In either case, his decision is foolhardy. It is unnecessary for either security or geo-strategic reasons. Trump is turning a fundamental principle of international law on its head just to help reelect his friend, Israeli Prime Minister Benjamin Netanyahu. Read more at LobeLog
Attacks on Rep. Ilhan Omar (D-MN) are escalating. The big splash over the weekend came when a poster appeared in a display case at the West Virginia state capitol during Republican Party Day. It was an image of the Twin Towers of the World Trade Center ablaze after the 9/11 attacks. Superimposed in front of them was a picture of Omar, with the meme “’Never Forget’ – you said…I am the proof…you have forgotten.”
After the wave of outrage rolled through social media, the West Virginia GOP issued a statement disavowing the poster, saying someone had hung it up without their knowledge and calling it hate speech. But the GOP stopped short of condemning it, only saying that the party “do not support it.” Since the poster was in a display case in the capitol, it is difficult to believe that those arranging the event were unaware of the poster until after it became a national controversy.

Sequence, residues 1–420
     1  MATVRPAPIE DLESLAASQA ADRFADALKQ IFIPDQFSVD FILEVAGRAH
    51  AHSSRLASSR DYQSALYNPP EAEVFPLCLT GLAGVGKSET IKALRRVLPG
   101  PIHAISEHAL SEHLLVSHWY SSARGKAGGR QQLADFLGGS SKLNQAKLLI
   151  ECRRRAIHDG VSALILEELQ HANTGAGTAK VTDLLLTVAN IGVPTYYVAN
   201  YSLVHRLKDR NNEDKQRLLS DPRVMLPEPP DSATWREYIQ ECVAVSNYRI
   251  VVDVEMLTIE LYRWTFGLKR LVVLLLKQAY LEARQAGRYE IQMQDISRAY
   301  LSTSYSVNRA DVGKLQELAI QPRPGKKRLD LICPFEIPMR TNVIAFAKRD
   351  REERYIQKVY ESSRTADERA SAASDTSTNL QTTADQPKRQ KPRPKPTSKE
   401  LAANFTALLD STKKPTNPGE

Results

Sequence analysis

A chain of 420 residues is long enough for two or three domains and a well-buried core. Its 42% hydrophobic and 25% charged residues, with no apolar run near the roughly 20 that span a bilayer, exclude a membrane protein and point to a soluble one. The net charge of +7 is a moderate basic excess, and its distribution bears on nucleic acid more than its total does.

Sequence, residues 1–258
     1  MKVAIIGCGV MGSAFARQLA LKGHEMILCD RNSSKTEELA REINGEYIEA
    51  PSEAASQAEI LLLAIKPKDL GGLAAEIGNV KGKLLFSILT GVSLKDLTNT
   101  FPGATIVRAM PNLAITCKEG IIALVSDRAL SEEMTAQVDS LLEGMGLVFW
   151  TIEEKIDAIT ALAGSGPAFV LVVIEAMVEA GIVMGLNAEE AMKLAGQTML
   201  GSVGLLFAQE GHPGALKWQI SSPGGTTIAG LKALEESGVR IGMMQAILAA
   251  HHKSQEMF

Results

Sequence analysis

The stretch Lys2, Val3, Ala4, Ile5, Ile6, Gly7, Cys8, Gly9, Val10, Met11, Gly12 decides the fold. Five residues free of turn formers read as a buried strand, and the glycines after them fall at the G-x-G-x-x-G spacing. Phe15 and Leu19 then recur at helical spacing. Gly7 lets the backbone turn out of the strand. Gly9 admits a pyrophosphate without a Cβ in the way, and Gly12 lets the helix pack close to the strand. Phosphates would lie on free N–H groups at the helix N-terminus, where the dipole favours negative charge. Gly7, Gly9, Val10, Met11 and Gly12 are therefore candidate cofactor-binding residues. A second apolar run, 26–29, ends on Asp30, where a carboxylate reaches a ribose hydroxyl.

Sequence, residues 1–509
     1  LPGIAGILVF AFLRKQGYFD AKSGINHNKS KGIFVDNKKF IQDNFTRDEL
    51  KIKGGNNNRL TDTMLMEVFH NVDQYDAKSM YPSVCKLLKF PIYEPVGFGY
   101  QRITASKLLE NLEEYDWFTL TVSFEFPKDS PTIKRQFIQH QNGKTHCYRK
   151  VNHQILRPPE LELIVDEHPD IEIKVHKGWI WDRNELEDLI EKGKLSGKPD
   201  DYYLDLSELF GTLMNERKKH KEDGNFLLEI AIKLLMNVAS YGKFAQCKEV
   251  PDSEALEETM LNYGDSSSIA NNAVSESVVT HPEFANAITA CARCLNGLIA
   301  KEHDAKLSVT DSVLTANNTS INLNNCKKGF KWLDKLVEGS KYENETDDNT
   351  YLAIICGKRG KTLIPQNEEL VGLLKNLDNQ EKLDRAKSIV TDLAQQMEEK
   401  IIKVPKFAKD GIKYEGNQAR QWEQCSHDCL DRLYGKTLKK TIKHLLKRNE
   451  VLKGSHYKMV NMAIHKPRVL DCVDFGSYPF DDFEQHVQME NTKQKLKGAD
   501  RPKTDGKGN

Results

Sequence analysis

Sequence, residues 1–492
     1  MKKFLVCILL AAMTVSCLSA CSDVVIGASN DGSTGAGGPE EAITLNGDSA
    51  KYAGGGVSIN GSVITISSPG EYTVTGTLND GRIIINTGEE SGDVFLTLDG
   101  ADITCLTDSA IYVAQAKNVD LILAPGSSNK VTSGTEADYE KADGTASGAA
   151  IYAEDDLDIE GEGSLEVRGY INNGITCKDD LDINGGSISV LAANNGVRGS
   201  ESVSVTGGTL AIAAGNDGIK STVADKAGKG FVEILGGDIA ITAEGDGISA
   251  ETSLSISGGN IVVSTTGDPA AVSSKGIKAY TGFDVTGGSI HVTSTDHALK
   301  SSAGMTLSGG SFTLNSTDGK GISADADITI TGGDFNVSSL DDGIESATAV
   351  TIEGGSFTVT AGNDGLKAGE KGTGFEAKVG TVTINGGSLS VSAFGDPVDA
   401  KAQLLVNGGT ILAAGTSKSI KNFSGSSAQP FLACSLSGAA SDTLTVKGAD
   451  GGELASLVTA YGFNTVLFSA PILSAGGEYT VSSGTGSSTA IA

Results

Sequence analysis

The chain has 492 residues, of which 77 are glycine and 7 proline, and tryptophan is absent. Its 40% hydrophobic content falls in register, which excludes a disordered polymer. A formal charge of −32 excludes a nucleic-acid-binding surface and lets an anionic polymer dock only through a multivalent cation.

Either way, this attack from the right followed on the heels of the latest criticism of Omar from largely liberal and centrist quarters. Almost on cue, the West Virginia controversy—with its blatant, indisputably hateful message—gave those centrist and liberal critics the perfect cover, as they could comfortably, if cynically, condemn the Republican attack on Omar while once again spuriously accusing her of anti-Semitism. Read more at LobeLog